I build controllers -- as in, I buy blank circuit board, ICs, resistors, capacitors, diodes, and mosfets, and solder them into submission.
I can't necessarily speak for every controller design out there, but for mine ( http://www.glytch.net/~emolatur/electro ... esc24v.pdf
) you won't do any damage by attaching the outputs in parallel.
However, a PWM motor controller is a switching device -- it works by turning the motor on/off at a high speed (440Hz in the one I linked, 2.5kHz in the latest, higher-power version I'm working on) -- the problem with getting them to switch simultaneously. Just tying the throttle signals ("CONTROL_IN" in the diagram) together won't do it. If controller A and controller B are both at 50%, that does mean that each controller will turn the output "on" for 50% of the time... however, there's nothing enforcing that it has to be the same 50%. Controller A might turn the power on for half of the time and then controller B might turn it on for the other half, resulting in an output that is on all of the time -- 100% output. 0% is relatively guaranteed to be 0% (if nothing is broken) and 100% is relatively guaranteed to be 100% (same conditions) but all positions in between could very well be more than what you expect them to be.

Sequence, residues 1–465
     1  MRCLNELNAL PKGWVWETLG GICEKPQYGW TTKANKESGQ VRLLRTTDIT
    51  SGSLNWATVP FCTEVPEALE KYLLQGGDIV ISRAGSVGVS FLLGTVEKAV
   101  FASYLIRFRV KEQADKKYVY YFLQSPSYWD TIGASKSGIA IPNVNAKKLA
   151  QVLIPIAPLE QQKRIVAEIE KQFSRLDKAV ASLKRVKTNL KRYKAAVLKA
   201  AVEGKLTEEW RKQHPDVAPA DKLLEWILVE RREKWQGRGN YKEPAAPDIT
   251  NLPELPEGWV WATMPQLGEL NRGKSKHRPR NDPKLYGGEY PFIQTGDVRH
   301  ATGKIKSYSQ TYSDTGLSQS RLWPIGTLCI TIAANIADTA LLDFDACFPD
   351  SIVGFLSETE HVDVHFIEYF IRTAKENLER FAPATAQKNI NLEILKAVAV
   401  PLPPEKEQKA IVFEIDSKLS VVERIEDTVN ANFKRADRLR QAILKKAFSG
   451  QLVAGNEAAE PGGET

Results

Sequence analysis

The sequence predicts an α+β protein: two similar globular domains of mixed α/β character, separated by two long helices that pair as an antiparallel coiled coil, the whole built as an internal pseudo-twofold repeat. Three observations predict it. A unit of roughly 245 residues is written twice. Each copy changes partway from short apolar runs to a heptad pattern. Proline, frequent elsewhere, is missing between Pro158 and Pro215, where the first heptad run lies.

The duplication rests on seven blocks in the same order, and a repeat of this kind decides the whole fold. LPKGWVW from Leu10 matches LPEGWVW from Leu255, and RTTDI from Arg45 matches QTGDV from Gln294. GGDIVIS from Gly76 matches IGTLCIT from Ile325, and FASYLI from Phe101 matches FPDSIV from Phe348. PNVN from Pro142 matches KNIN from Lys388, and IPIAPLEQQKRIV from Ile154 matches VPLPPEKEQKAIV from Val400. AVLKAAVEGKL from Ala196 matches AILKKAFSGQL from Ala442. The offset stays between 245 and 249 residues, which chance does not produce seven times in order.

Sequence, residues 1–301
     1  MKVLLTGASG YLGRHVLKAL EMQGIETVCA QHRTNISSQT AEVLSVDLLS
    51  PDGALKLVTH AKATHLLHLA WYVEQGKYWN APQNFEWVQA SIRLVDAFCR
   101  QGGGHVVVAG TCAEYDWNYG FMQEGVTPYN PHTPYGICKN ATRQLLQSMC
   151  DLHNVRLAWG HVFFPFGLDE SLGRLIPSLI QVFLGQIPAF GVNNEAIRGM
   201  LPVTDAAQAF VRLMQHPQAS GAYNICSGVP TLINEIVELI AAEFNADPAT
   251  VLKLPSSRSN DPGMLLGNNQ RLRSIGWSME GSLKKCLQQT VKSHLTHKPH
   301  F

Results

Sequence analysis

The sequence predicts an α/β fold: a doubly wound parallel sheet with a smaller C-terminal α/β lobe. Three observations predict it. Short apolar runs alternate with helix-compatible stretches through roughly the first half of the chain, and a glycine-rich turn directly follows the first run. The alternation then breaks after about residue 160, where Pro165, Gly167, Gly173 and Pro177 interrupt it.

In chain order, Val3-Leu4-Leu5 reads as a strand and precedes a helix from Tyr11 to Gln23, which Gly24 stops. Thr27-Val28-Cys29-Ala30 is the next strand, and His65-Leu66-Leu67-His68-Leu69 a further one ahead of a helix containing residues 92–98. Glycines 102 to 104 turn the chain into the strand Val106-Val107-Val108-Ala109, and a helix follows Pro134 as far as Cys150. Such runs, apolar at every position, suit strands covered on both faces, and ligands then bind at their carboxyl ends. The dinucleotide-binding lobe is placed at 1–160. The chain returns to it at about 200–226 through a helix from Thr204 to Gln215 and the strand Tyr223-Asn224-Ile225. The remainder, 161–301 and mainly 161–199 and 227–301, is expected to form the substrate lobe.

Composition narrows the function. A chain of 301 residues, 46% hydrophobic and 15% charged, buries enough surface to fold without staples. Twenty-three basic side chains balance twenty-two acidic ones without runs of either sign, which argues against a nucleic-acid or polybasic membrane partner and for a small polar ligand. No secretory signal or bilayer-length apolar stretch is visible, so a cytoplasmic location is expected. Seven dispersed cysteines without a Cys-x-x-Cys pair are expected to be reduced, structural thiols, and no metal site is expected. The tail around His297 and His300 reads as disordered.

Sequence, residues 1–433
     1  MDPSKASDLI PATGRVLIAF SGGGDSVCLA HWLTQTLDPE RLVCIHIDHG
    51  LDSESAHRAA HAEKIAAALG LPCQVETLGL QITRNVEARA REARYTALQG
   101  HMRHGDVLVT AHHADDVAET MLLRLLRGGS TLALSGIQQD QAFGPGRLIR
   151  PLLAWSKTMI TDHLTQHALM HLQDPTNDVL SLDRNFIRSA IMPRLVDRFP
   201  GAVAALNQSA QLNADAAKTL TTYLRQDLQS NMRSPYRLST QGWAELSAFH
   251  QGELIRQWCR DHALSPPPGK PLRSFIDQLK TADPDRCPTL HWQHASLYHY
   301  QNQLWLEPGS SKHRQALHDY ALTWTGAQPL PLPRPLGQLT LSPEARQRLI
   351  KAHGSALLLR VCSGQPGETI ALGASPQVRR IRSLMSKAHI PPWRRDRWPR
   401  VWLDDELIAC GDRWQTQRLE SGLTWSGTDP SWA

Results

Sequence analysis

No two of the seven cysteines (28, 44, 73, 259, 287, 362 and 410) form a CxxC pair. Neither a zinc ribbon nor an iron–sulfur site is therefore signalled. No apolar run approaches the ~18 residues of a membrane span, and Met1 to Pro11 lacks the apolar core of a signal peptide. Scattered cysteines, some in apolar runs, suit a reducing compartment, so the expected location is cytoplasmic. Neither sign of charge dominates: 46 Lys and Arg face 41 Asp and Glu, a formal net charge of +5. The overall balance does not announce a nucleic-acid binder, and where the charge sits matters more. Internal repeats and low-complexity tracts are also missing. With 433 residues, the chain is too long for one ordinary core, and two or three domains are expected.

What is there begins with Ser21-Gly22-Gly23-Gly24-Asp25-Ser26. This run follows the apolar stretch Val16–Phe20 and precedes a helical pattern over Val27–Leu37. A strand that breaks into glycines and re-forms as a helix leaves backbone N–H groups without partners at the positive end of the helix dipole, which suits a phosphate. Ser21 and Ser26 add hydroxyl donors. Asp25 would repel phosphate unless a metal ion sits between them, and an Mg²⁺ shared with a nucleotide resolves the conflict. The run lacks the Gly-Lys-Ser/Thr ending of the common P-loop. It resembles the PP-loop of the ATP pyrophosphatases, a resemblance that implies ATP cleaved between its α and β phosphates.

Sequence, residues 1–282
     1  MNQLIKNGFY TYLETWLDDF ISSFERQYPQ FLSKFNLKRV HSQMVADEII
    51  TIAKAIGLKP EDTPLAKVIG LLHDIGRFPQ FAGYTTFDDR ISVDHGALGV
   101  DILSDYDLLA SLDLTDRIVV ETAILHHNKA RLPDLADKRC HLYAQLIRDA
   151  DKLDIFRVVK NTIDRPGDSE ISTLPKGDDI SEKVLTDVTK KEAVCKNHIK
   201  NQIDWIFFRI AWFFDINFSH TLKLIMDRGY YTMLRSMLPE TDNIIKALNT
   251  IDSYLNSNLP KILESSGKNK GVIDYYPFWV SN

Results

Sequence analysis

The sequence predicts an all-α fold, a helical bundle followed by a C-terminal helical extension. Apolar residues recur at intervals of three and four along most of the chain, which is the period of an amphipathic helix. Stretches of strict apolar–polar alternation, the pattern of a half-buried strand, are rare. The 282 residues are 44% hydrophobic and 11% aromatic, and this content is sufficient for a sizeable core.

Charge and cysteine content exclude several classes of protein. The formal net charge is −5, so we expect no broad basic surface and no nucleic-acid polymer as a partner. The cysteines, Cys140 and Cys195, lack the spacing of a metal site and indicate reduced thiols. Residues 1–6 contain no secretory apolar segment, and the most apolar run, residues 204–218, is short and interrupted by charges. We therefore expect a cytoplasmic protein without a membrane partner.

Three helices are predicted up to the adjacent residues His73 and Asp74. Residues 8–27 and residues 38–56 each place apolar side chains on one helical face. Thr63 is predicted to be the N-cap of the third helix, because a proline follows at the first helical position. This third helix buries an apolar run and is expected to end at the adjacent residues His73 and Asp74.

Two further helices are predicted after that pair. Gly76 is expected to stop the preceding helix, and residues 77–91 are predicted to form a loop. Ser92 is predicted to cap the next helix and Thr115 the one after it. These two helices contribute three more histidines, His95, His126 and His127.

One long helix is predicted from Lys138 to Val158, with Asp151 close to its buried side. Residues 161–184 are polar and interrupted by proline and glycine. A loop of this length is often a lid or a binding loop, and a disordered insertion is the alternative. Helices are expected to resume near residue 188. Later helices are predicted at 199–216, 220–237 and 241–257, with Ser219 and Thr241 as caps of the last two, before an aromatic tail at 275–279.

If you're going to try paralleling controllers, and you expect them to behave predictably, keep the outputs seperate.
The other potential quirk is related to the current limit function. Everything has some tolerance - very few things are exact. Each controller I build ends up with a slightly different value shunt resistor. One adjusts the ratio of R12 and R13 to set what current the output is limited to. At takeoff, when the current draw is highest (or if you're going uphill), one controller might output slightly higher current than the other... so your vehicle might tend to steer left or right at that point. It is likely that any difference would be very tiny, but it's still food for thought - especially if you're ever going to try two different model controllers.